Paul Staniland

Kashmir since 2003: Counterinsurgency and the Paradox of “Normalcy”

Why does instability persist after violence ends?

The recurrent conflicts between India and Pakistan over Kashmir has created an extraordinarily volatile political environment. This condition persists today despite reduced violence and calls by the Indian state for political normalization on terms that mix a limited degree of autonomy with continued interest in integration. To understand this paradox, Staniland examines the tensions that emerged from India’s simultaneous commitment to the political-military status quo and to ostensibly normal political processes. This tension between stated goals and actual practices opens up the possibility of a return to violence, undermines economic growth, and fulfills few political aspirations. His analysis can help explain tensions in other Asian conflict zones and suggests why instability can endure even after the guns have largely fallen silent.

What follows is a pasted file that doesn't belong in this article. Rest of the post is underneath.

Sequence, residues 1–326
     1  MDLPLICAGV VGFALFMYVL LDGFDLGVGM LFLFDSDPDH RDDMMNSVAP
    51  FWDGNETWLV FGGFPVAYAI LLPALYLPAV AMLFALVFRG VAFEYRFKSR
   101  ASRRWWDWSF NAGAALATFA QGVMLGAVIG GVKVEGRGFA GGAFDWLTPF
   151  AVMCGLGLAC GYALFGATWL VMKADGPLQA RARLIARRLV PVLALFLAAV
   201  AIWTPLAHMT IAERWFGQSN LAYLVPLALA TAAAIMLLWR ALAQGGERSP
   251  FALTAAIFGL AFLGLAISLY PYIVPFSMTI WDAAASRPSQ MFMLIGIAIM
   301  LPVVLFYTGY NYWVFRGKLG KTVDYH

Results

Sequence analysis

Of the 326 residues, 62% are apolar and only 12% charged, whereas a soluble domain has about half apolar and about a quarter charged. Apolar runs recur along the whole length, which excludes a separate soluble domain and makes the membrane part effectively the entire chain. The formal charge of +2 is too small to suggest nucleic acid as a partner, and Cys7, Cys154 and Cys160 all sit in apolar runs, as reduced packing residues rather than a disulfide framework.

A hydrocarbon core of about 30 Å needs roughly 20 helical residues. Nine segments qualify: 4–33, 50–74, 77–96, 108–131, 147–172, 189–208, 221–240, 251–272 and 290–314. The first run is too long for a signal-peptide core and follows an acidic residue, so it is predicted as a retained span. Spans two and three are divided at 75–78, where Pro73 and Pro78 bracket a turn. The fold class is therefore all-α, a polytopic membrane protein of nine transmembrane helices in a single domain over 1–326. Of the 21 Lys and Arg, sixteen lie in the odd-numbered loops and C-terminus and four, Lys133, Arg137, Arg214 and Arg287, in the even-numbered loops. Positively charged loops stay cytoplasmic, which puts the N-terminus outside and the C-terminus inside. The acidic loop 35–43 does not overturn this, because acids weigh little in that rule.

Asian Survey (2013)

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Syria Conflict Refugees

Syrian women and children travel from areas controlled by jihadists of the Islamic State (IS) group, en route to safety in areas held by by Kurdish-Arab Syrian Democratic Forces (SDF) alliance, on November 9, 2016, near the village of Mazraat Khaled, some 40 km away from the Islamic State group's (IS) de-facto capital of Raqa.

DELIL SOULEIMAN/AFP/Getty Images